Working toward gender equity in women’s health care

Mar 29 10:14am | Kanaaz Pereira, Connect Moderator | @kanaazpereira

It’s been more than 50 years since women in the U.S. have been publicly advocating for equal rights, opportunities and freedoms. Despite the progress of the women’s rights movement, one analysis found that almost 90% of men and women around the world are biased against women in some way.

Sadly, one place this bias can show up is in health care. If you’re a woman or femme-presenting, perhaps you’ve been at an appointment and haven’t felt heard. Maybe you felt you have no other choice than to do what your provider prescribed. No matter how this has potentially manifested in your life, you are not alone.

Learn more about spotting gender inequity in health care, promoting equality in health care and women’s health care rights.

Identifying gender inequity in health care

To spot inequity, you have to know what it is. It’s helpful to understand the difference between equity and equality:

  • Equality is ensuring everyone has the same resources. In health care, this could be offering breast cancer screening to all populations.
  • Equity considers the specific resources and opportunities people need to take advantage of equality. This could be ensuring that people without transportation can access cancer screening, perhaps with a mobile mammogram unit.

Unfortunately, health care all too often falls short in delivering equality and equity to marginalized populations. This is true for race and ethnicity, but also for gender.

Gender refers to culturally assigned roles associated with being a woman, man or nonbinary person. Gender can influence health care experiences:

  • In an emergency. Women are less likely to receive CPR from bystanders, who cite fear of hurting the woman, or accusations related to inappropriate touching or sexual assault.
  • On the way to the operating room. In a study, surgeons were 22 times more likely to recommend a knee replacement to a man with moderate knee osteoarthritis than a woman with the same disease severity.
  • In a routine appointment. When women express concerns about their health, they aren’t always taken as seriously as men. One study found that health care providers estimated women to have less pain and be more likely to exaggerate it. Additionally, a review of literature on gender bias in health care found that men are more often perceived as stoic and pain-tolerant than women, who are perceived as more sensitive and likely to report pain.

It’s important to note that gender and sex are distinct. Sex refers to biological status as a male, female or intersex. There are some conditions and treatments that are unique to each sex that impact organs like the ovaries or prostate. These health differences are not the same as gender inequalities.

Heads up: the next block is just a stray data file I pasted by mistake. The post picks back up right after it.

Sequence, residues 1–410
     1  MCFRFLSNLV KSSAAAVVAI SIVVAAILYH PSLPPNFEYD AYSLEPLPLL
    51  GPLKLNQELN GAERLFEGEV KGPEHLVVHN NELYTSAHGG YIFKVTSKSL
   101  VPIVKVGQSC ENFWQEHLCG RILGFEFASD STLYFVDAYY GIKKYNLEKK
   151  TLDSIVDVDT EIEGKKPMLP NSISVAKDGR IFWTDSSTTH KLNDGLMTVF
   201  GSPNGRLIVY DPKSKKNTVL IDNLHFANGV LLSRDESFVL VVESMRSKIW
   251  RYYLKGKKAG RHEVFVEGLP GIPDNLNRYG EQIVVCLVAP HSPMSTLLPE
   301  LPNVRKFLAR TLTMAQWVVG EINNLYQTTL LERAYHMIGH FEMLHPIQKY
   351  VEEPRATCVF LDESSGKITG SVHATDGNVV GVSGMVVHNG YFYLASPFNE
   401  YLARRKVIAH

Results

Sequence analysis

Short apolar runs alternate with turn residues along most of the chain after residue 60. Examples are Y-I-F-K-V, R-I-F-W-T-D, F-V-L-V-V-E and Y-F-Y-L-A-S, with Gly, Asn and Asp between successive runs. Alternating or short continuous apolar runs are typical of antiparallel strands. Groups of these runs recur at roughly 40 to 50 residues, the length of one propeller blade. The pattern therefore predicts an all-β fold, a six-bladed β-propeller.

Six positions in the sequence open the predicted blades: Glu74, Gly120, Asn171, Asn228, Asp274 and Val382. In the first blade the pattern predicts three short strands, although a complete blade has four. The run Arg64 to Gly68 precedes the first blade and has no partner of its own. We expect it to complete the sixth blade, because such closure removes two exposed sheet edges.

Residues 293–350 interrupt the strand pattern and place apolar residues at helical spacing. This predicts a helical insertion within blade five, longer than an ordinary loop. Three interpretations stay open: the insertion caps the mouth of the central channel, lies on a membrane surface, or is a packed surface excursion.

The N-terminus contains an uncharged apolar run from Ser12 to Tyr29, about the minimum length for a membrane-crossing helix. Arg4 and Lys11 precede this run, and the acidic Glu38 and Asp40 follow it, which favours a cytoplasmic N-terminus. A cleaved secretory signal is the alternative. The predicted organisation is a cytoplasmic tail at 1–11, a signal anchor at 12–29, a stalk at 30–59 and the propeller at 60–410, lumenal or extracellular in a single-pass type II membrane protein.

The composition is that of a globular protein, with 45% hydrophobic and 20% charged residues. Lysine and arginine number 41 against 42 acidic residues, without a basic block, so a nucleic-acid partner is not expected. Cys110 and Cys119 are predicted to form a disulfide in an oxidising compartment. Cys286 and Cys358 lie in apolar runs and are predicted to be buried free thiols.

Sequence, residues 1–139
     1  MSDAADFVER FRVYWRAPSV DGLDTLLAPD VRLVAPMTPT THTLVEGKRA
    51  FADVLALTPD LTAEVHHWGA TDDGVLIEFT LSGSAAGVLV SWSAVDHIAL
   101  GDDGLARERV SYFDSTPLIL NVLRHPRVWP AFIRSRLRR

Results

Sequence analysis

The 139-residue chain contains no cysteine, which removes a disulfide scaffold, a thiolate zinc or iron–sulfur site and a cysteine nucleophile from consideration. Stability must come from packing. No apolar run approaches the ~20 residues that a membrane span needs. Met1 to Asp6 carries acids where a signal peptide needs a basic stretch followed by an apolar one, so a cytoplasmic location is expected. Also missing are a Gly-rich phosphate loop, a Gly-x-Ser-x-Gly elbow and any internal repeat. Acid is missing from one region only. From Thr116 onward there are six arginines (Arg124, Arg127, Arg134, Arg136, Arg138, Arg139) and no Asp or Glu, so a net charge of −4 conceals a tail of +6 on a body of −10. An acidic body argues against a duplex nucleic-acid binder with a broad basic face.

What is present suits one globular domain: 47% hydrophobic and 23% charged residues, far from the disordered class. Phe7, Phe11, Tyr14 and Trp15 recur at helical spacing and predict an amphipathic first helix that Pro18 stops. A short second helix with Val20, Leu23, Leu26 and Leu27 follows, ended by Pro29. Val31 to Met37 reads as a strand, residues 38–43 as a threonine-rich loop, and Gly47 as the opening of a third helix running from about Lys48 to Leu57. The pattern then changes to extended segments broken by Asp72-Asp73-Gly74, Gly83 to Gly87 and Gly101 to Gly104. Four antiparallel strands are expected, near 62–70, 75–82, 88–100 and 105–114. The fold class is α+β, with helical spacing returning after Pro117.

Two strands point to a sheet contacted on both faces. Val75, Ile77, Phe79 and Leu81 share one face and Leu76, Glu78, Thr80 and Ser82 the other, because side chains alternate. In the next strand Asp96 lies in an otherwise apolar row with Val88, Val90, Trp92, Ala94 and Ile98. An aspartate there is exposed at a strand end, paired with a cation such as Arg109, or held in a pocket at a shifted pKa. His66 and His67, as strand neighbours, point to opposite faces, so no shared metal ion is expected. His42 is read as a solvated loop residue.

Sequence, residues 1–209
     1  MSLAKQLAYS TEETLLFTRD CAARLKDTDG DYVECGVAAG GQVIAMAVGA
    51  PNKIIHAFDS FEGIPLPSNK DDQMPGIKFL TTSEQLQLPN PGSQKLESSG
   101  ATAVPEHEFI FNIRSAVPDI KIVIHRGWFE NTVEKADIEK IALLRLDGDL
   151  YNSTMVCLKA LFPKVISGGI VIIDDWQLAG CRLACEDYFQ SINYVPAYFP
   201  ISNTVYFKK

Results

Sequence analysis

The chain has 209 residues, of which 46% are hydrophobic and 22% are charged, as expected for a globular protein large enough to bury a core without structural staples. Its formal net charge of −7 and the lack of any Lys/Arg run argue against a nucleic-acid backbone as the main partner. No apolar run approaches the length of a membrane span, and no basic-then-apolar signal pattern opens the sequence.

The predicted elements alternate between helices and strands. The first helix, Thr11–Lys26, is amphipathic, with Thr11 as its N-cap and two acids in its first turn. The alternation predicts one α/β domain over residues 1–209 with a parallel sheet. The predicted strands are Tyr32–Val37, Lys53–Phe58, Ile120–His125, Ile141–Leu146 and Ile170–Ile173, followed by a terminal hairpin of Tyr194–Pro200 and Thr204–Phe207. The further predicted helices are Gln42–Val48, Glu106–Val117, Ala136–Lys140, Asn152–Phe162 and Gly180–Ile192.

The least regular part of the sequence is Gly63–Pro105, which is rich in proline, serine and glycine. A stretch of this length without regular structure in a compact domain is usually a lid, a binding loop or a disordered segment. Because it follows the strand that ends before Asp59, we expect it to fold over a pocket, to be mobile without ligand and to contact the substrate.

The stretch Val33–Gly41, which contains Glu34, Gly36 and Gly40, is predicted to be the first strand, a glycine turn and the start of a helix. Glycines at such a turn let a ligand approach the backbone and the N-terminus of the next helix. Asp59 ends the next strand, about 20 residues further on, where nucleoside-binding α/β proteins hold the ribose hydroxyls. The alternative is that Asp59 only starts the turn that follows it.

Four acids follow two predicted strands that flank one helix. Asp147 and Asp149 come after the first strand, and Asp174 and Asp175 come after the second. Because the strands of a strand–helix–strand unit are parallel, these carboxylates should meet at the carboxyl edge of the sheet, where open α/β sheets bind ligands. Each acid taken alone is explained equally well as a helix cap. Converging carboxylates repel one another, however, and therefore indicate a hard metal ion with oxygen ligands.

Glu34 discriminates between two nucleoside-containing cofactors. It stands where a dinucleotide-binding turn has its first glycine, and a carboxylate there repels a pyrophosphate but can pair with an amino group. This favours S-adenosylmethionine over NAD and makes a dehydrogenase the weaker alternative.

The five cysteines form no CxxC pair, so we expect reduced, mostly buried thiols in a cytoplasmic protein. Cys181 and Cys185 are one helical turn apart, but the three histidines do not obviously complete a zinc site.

Women’s health care disparities

When there’s a difference between specific groups in how frequent, common, deadly, or costly a disease or other health condition is, that’s a health care disparity. Where there is inequality and inequity, there are health care disparities. Disparities can arise from bias, stereotyping, prejudice and clinical uncertainty. And health care disparities are associated with worse health outcomes.

Despite awareness campaigns and public-health initiatives, women continue to experience health care disparities and disadvantages in areas such as cardiovascular and maternal health.

Cardiovascular disease

Cardiovascular disease kills women more than anything else, accounting for one in three deaths each year. However, only about half of women know that it’s their greatest threat and that most cardiovascular diseases can be prevented. Women are 20% more likely than men to develop heart failure or die within five years of a first severe heart attack.

There are many reasons why cardiovascular disease seems to impact women more severely than men, but a few stark truths stand out:

  • Regardless of heart-attack severity, fewer women are prescribed medications like beta blockers or cholesterol-lowering drugs.
  • Women are seen by cardiovascular specialists less often than men.

Maternal health

The number of women who die during pregnancy, childbirth or right after delivering a baby has been increasing in the U.S. Women who die during this period often experience a complication — like severe bleeding or infection — that can usually be prevented or treated.

Yet, there are factors — certainly globally, but even in the U.S. — that keep women from getting the care they need around childbirth. These factors include gender norms that de-prioritize the rights of women and girls, like a lack of quality and affordable sexual and reproductive health services.

How providers and the health care system can promote equity

Here’s some good news: Many health care organizations are aware of inequities and are working to address them. For example, the Centers for Disease Control and Prevention (CDC) has outlined a sweeping strategy to improve health equity that includes partnering with organizations to better understand how to create equity with various populations and ensuring equity in research.

Equity in research is especially important because medical research informs the development of clinical guidelines for care. There needs to be enough data available to inform how health care providers care for various groups of people.

Equity in research

Unfortunately, females haven’t been well represented in medical research. One reason for this is that the U.S. Food and Drug Administration (FDA) issued a guideline in 1977 that females of “childbearing potential” should not participate in clinical research studies, because some drugs caused serious birth defects. Although the FDA issued updated guidance in 1993 that essentially reversed this position, there is still a research gap today.